Hello all - Greetings from Taylor Valley, Antarctica - where the winds blow cold and the snow flies much more frequently than one would expect, at least this time of year.
I was in Antarctica for the New Year's Eve celebration. Several of us hiked down to Scott Base Station (the New Zealand base about 3 km from McMurdo) and welcomed the new year beneath the Midnight Sun. That was certainly an experience I won't forget. I hope all of your celebrations were happy and safe.
Well, getting to the field this year was a bit different than last year. Last year, we were in and out of Christchurch, New Zealand in the period of about 24 hours. This year, we were delayed in Christchurch for 3 days due to bad weather in McMurdo. Apparently, early in the season Lake Hoare was plagued with more-than-the-usual number of no-fly days. By early January the weather typically gets better. Last year at this time the weather was great for science in the valley - warm and sunny, beach weather really. As of today (the 11th here), since my arrival at Lake Hoare on the 4th we have had three no-fly days - twice due to weather here at Lake Hoare, and once due to weather back at McMurdo. We are about a half an hour helicopter flight from McMurdo and the weather can be completely different at each location. These no-fly days make field planning a pain, especially when we have teams of surveyors and safety guides out from McMurdo, and these folks have other things planned as well back in town or elsewhere on the continent. On top of the weird weather, the helicopter scheduling is handled by a new group of people this year, and they are still in the learning process.
We have a good group of goofballs down here this year (although it is hard to rival Martyn T., and Andrew isn't here). We do have a good time when dinner rolls around (Photo 1 attached - This is Pete Conovitz and me grilling up a meal). The food is good and there is plenty of it. We all pitch in to keep the place clean and functioning. And in the evening, you never know what we will end up doing. We've been through Cranium (some people think they know how to hum Stairway to Heaven, and it can be quite humorous when, during a Club Cranium - that's an All Play to you Pictionary players - a player from both teams should both be drawing the process "mutation" and one is actually drawing "mutilation"), many games of cribbage, and another card game called Wizard. Reading and hiking are good pastimes as well, as it is always light while we are here. A midnight stroll is effective when sleep is slow in coming (which is pretty seldom after a day climbing around on the ice), and of course, there is always something in the form of work to do.
Since flying up to Taylor Glacier wasn't possible the other day, I hiked up to Canada Glacier to look for any connections in the near-surface hydraulic system of the glacier, but things were frozen up tight. There were 5 to 12 centimeters of snow on the glacier, depending on where you were, and this is very rare here for this time of year. We awoke that morning to a couple of centimeters of snow on the ground here at camp (Photo 2 attached - This is a lot of snow at Lake Hoare for early January. Back Row: Jeff Scanniello, Brennen Brunner, Rae Spain; Front Row: Whitney Gann, me, Joe Hurley) and it was beautiful. Luckily we got a few good days of work done up on Taylor on Friday and Saturday before the bad weather set in. I still have a few more days of work up there that I need to get done, but it will have to wait...down here, the weather dictates...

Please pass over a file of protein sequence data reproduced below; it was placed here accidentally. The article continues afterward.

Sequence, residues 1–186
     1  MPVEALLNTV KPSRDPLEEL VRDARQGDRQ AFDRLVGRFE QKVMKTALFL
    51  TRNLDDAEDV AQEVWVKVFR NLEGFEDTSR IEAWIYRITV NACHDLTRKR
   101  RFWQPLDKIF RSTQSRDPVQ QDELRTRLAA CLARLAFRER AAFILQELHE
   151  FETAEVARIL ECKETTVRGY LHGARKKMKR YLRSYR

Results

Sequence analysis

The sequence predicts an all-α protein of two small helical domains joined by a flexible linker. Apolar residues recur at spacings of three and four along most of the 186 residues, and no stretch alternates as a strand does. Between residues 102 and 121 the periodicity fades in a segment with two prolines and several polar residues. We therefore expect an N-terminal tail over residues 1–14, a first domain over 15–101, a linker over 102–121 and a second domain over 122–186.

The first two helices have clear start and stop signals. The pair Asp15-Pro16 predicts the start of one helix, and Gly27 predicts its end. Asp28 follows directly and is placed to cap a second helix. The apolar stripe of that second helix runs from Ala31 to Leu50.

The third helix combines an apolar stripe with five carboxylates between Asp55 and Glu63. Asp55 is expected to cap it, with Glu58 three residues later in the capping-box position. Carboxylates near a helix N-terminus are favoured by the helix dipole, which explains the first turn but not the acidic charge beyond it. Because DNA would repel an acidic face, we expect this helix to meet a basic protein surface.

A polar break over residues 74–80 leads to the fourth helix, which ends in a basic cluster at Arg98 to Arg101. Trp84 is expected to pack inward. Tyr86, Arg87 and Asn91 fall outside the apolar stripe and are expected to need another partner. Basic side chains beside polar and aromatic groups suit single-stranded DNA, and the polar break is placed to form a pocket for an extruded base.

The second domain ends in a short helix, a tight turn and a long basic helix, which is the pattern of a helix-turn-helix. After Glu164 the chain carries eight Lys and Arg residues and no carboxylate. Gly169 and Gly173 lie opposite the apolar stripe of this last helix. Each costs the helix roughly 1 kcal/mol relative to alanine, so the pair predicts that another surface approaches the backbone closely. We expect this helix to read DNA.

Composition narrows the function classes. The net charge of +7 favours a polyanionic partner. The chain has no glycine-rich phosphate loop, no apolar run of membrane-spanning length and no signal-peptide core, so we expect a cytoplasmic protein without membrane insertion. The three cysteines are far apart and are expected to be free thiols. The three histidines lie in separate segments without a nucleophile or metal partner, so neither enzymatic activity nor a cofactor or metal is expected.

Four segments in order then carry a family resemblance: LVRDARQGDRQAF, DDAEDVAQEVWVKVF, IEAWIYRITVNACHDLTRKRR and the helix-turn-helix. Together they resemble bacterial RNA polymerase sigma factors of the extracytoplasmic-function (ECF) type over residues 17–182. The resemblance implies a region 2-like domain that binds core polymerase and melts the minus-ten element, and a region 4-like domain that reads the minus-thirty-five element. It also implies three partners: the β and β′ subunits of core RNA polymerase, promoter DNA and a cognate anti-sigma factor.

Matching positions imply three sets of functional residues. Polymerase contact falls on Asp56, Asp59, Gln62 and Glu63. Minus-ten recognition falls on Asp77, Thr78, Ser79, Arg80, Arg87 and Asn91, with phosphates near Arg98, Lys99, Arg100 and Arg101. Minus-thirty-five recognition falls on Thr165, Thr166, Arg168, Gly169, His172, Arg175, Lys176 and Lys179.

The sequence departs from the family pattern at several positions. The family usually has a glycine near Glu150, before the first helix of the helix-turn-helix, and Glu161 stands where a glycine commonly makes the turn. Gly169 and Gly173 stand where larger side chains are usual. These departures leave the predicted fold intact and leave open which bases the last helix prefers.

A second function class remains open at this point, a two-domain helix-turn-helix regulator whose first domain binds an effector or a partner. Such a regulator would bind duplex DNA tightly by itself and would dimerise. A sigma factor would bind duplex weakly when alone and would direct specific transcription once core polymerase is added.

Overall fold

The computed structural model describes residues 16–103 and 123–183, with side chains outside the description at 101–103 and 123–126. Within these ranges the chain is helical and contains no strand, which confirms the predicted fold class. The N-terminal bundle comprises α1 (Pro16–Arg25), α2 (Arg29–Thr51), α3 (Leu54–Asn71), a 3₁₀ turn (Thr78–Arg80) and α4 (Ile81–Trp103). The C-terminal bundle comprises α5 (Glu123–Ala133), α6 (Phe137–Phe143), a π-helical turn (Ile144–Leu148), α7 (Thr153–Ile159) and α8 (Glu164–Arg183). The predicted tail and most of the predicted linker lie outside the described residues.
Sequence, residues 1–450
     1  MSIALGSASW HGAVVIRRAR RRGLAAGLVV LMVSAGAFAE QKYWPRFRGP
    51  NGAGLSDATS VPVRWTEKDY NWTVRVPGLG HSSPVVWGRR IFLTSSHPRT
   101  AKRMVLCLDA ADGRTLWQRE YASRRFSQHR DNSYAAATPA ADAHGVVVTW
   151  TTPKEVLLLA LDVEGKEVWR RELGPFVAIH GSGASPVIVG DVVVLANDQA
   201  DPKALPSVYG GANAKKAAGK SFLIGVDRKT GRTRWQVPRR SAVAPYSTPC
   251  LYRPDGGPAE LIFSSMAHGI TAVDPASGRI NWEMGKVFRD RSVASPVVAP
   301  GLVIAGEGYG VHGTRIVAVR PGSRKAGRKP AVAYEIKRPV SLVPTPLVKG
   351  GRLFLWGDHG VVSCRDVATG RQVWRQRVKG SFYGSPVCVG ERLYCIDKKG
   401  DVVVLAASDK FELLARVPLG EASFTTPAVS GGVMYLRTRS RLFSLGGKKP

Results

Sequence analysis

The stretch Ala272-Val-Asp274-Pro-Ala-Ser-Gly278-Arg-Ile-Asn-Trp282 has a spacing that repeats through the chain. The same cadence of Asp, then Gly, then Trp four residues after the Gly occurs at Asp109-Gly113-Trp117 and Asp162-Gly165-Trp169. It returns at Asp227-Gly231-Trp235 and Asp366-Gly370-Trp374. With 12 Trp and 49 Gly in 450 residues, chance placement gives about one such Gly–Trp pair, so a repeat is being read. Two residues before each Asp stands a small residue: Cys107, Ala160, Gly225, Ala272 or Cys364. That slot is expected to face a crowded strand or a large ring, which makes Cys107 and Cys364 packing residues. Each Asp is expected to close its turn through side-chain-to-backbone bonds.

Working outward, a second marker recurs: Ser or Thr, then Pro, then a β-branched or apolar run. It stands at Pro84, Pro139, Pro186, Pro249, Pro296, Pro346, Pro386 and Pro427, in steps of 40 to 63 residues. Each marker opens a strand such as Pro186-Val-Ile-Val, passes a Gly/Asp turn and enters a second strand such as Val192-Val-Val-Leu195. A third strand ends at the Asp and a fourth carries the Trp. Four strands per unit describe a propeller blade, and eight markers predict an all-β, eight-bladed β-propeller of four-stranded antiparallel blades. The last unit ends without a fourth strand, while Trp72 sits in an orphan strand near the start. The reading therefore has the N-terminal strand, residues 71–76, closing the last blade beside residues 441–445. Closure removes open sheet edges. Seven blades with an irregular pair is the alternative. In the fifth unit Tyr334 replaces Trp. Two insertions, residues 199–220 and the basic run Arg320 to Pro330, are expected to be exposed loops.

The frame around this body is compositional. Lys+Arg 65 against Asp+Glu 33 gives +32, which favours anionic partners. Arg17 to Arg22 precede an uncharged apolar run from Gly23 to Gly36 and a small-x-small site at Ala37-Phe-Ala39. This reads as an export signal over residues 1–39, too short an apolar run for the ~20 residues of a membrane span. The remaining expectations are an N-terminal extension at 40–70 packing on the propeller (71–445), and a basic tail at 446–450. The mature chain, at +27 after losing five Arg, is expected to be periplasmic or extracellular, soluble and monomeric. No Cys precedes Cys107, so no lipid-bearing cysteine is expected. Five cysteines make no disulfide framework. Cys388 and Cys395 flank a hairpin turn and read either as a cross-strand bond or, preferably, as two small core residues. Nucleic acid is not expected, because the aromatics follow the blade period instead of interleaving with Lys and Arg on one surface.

We're surveying another channel on Taylor Glacier this year (Photo 3 attached - This is a picture of the channel looking up-glacier, with Brennen Brunner, our ice-climbing guide, at the channel perimeter), as well as placing a couple of roving meteorological stations simultaneously on the channel floor and at the channel perimeter (Photos 4 & 5 attached - These are photos of the met stations). I've also seen many interesting cryoconite holes. Those of you who have put up with me going on and on and on about these features know what I am talking about. Those of you how don't know what I'm talking about can get a short course on cryoconite holes at http://www.geol.pdx.edu/Glaciers/robin/default.html. (Photo 6 attached - Me and beautiful twin cannibalized cryoconite holes).
I'm off now. Please email me at email@example.com - I'd love to hear from you. Until next time - be well and stay warm. After the end of January, you can reach me at firstname.lastname@example.org or email@example.com.
Cheers, Robin (Romeo Juliet in radio code - we have fun with this)